(Noel V. Baebler/Shutterstock)

Feeling nostalgic? If so, it might be time to resurrect those old home movies. Thanks to modern technology, it’s easy to have them transferred to CD/DVD and digital files on a USB flash drive or in the cloud. 

The golden age of home movies arrived after World War II, a time when more and more families could afford to purchase the equipment necessary to enjoy this form of entertainment. By and large, they included holidays, birthday parties, vacations, Halloween costumes, graduations, and miscellaneous activities that our parents deemed important enough to record on film.

This form of entertainment can retrieve old or forgotten memories. Personally, I have almost no mental image of interacting with my two youngest siblings. Yet on film, I am elated to see myself helping my sister learn how to walk and watching the utter delight on my brother’s face as I squirt water on him with a garden hose.

Sometimes, watching these movies will bring back bittersweet memories. My father filmed a few precious seconds of Anna, who worked in our house as I was growing up. We loved her. It was the summer of 1960 when she went with us on vacation to help lighten my mother’s load. Anna was like family, but not to the restaurant where we stopped for lunch on the way home and they wouldn’t let us in because she was “colored.”

Not surprisingly, for the entire 4+ hours of film, my mother looks like the model housewife in those 50s magazine print ads. Even in her bathrobe on Christmas morning, after having been up half the night helping my father transform our living room into a Santa fantasy, she looks beautiful with not a hair out of place.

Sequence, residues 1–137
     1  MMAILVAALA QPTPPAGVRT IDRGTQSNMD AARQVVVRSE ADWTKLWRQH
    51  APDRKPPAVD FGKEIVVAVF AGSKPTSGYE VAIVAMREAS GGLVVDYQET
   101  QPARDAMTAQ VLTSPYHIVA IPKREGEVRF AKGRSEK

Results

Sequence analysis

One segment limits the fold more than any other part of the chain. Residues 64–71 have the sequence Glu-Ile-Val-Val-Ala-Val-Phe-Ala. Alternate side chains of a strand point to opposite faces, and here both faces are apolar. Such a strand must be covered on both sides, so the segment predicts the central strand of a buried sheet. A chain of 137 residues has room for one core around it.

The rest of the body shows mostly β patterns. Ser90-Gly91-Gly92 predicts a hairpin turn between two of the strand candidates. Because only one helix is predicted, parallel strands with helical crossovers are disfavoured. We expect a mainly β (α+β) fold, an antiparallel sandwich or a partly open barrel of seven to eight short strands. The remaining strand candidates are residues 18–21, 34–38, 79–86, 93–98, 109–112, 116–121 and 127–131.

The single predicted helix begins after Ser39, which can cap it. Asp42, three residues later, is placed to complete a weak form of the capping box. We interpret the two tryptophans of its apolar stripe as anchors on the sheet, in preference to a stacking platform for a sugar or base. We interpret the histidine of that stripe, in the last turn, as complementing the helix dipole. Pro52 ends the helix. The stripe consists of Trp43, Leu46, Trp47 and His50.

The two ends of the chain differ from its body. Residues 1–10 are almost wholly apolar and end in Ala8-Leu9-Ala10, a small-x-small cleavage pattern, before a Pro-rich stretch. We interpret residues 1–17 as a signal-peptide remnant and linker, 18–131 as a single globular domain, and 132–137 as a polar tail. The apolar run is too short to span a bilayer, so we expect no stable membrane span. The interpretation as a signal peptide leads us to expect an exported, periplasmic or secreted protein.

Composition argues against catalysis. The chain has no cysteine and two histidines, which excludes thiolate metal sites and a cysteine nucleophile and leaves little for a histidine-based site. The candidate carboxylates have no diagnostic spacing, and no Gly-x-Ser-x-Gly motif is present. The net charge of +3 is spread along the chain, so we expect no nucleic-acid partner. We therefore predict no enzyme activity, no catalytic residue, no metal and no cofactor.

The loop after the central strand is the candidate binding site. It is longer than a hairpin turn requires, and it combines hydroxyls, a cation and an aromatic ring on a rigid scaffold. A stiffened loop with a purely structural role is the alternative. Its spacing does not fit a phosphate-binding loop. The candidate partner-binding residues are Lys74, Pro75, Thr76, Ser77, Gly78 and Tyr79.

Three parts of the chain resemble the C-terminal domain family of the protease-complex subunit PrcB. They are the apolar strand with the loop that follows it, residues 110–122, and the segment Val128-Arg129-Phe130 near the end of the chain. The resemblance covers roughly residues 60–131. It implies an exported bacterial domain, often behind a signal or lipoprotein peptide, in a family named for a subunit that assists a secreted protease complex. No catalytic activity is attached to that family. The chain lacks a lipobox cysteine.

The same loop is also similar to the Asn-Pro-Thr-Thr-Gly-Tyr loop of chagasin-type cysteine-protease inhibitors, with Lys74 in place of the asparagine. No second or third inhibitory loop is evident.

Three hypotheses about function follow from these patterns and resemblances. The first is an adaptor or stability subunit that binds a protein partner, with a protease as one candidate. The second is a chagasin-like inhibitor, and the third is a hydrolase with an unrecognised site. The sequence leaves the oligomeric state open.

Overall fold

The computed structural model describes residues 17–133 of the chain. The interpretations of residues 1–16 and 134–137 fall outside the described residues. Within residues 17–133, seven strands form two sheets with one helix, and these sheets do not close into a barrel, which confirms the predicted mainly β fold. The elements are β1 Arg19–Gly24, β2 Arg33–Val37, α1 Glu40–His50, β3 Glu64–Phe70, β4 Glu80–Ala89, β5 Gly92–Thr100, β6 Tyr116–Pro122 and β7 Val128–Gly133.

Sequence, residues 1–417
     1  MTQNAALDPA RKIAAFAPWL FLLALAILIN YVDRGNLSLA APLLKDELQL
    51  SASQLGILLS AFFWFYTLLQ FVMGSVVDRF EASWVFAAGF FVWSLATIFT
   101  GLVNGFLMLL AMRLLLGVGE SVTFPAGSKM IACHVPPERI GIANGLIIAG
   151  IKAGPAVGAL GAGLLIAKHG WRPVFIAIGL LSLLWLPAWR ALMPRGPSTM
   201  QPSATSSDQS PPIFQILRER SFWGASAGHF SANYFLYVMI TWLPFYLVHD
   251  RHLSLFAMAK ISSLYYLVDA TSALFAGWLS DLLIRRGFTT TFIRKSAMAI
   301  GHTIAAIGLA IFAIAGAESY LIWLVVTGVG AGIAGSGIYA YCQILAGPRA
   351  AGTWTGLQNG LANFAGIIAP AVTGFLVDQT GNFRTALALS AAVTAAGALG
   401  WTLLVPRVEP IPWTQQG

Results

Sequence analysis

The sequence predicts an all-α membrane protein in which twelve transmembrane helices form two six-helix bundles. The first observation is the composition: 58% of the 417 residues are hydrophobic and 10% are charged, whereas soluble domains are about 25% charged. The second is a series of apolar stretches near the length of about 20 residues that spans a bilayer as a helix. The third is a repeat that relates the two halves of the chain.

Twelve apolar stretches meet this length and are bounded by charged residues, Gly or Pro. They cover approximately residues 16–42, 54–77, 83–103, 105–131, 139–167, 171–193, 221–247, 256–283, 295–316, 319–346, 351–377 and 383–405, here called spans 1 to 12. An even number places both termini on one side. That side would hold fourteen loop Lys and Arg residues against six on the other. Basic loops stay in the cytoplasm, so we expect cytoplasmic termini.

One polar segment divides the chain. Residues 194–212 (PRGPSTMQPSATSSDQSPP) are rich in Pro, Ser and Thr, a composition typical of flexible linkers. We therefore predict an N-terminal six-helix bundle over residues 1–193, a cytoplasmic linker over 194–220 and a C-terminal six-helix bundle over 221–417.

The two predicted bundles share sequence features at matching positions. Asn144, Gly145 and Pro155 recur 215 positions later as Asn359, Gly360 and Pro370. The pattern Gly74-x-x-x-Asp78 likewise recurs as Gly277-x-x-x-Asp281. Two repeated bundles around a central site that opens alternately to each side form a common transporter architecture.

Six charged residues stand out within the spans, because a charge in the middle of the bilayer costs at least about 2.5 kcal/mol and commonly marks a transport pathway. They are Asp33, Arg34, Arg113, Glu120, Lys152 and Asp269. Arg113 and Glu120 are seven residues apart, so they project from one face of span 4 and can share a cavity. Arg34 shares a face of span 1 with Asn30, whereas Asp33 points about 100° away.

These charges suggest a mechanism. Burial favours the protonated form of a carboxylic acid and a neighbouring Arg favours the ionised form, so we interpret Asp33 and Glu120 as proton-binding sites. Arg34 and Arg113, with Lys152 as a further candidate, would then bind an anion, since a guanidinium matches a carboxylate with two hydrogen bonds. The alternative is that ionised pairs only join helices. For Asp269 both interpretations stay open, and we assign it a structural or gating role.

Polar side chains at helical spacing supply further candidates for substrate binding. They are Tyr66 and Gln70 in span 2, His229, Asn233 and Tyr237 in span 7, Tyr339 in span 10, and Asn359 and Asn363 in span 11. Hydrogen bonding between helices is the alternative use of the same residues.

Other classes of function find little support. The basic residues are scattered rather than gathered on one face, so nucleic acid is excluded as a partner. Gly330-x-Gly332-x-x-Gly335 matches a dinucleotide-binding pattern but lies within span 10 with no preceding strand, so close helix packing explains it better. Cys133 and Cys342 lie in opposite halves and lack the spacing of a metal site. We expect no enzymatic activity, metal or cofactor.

However, underneath the perfection, there is discord. The oldest, my brother, appears to look less enthusiastic and more serious as his teen years wear on. One scene shows me yanking my hand away from my mother’s as we walked along the beach. In another, I watch myself emerging from the house with an awful scowl on my face, presumably after having had an argument with her. The middle child, my sister, holds steadfast in looking happy most of the time. 

Truthfully, I could have done with less filming of my father’s ’47 Buick Roadmaster convertible, my older brother’s endless marching at Staunton Military Academy, and the roses growing on the side of our home. What I really wanted was more footage of our dogs, my great-uncle’s perfect likeness of Ernest Hemingway and, of course, my dashing father who is rarely seen because he was taking the movies.

This treasure-trove of our memories spanned two decades, from 1949 to 1969, with some of the footage being choppy and either underexposed or overexposed. And because there was no sound before Kodak introduced Ektasound in 1973, they were silent. In the mid-70s, a more practical and convenient home video design came with videotape, with videocassettes being easier to handle than film reels, which started a shift away from film in the home.

Even though these home movies are both heartwarming and sadness-inducing, I am indebted to my parents for leaving their five children with some “reel” life memories growing up.

Kater can be reached at [email protected].

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